By Catherine Wagley
By Channing Sargent
By L.A. Weekly critics
By Amanda Lewis
By Catherine Wagley
By Carol Cheh
By Keegan Hamilton
By Bill Raden
Over the course of two hours and 40 minutes, plus intermission, 700 Sundays answers any questions we may have had about Billy Crystal’s formative years as a middle-class kid growing up on Long Island in the 1950s and ’60s. I’m embarrassed to admit I hadn’t been aware there was a thirst for such knowledge, but there is. Enough for mega-director Des McAnuff to have spent several years working on this show with the comedian and actor, and for Crystal’s wife, Janice, to win a 2005 Tony for producing it. And enough to currently pack Beverly Hills’ cavernous Wilshire Theater night after night.
It starts where all things autobiographical in show business begin, with home movies. After a generous pastiche of Crystal family footage, the screen freezes on a charming little boy — Billy — who, Jolson-like, ends a tap dance on a bended knee, arms outstretched. Crystal then emerges from an exact replica of his Long Beach home, beautifully designed by David F. Weiner, and whose three windows serve as projection screens for the show’s still and moving images. The house represents nothing less than the suburban hearth, that happy future to which New York City’s ethnic families migrated in hopeful exodus after World War II. Today, though, these suburbs represent a nostalgic destination for memoirists hoping to return to the happier, simpler times we’re always told the past was. (This is Crystal’s life, but its script is given “additional material” from another Long Islander, Alan Zweibel.)
700 Sundays, whose title comes from the number of weekends Crystal calculates he spent with his father, who died of a heart attack when his son was 15, opens engagingly enough with a story about the family car. Crystal proves especially effective in brief summaries of people he knew as a child, whether jazz luminaries like Billie Holiday, or Long Island’s somber, old-country Jews with “smiles like fists.” The show’s problem is that it doesn’t rely upon such quick, hit-and-run moments, but borrows a family-album aesthetic — or rather, that of a party host who insists on dragging out his family album and explaining each and every photograph. Billy Crystal is born and we get a delivery-scene re-enactment. Little Billy sits at the breakfast table and watches in terror as his flatulent grandfather’s scrotum peeks in and out of his shorts. By the time Billy reaches his fifth birthday some may begin tapping their watches. Worse, Crystal takes long detours to portray other family members. While some are interesting (his uncle Milt Gabler, who founded the Commodore jazz record label), others (Aunt Sheila) simply seem downloaded from a club routine.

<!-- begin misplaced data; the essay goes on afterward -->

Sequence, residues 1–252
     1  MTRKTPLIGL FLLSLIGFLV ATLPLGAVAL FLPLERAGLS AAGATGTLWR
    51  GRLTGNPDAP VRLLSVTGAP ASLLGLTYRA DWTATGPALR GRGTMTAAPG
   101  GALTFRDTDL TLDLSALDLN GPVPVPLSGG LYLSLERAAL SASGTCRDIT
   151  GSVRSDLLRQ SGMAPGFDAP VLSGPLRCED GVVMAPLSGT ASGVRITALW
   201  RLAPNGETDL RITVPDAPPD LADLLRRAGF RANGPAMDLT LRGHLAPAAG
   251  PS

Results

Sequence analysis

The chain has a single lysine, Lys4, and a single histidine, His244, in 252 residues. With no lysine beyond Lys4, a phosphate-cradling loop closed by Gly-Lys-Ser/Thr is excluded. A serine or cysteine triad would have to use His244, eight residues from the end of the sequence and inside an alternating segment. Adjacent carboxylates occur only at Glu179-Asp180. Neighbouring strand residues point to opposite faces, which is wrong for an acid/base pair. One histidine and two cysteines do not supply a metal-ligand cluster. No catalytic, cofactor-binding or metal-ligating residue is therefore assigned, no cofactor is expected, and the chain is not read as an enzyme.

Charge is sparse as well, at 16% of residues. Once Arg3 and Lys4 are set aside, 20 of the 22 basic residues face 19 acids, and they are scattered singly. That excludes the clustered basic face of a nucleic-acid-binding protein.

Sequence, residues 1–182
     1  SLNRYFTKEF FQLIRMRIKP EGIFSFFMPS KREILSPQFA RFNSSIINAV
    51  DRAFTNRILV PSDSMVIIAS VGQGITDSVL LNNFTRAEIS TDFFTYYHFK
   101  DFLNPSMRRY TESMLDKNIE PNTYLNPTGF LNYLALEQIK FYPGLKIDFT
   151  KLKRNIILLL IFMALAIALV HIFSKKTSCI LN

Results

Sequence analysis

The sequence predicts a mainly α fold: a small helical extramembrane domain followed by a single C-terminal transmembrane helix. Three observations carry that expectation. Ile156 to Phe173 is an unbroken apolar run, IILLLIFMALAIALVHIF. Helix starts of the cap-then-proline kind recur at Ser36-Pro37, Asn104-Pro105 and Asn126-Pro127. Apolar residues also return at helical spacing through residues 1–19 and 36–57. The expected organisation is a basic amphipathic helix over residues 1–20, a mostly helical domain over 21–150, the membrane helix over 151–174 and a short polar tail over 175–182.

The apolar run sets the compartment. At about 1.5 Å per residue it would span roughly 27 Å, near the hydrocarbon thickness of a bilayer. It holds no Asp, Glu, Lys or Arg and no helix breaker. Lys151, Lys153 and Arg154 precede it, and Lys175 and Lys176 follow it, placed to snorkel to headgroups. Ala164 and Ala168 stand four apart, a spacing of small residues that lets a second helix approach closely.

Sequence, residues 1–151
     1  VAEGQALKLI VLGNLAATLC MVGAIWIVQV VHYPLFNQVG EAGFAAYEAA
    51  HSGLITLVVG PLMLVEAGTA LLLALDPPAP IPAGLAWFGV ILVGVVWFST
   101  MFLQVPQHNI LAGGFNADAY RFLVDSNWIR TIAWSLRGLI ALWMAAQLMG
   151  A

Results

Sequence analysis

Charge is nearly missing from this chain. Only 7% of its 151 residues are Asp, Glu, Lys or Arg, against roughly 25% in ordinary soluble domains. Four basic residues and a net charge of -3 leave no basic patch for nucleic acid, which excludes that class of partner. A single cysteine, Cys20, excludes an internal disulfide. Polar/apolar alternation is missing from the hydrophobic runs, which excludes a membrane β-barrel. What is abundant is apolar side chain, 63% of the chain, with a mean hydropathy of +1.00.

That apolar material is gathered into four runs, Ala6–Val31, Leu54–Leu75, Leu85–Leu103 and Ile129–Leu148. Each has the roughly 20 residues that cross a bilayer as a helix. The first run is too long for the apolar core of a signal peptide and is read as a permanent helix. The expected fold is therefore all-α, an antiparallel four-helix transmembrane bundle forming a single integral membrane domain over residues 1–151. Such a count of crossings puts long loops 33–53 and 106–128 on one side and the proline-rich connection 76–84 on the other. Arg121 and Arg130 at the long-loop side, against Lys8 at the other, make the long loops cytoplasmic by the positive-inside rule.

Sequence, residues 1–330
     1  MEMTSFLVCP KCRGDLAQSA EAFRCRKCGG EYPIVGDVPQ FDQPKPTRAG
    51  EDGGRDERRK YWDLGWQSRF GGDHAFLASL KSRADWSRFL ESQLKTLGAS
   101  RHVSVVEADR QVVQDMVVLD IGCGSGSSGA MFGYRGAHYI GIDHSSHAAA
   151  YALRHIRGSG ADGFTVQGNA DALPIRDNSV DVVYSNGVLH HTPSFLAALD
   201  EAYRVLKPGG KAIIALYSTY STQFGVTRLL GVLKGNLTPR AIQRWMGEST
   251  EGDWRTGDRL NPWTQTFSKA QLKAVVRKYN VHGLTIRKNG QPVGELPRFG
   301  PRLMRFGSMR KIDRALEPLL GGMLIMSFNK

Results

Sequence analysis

At times the show aims to be a bittersweet, raisins-and-almonds story of family and tragedy, but it usually comes off as cloying melodrama, thanks to bits of syrupy music that intrude to shore up Crystal’s more reflective moments. (You half expect “Greensleeves” to be piped in when Billy discovers masturbation.) By curtain we feel we’ve sat through all 700 Sundays in real time.
700 SUNDAYS | Written & performed by BILLY CRYSTAL, with additional material by ALAN ZWEIBEL | At Wilshire Theater, 8440 Wilshire Blvd., Beverly Hills | Through February 18 | (213) 365-3500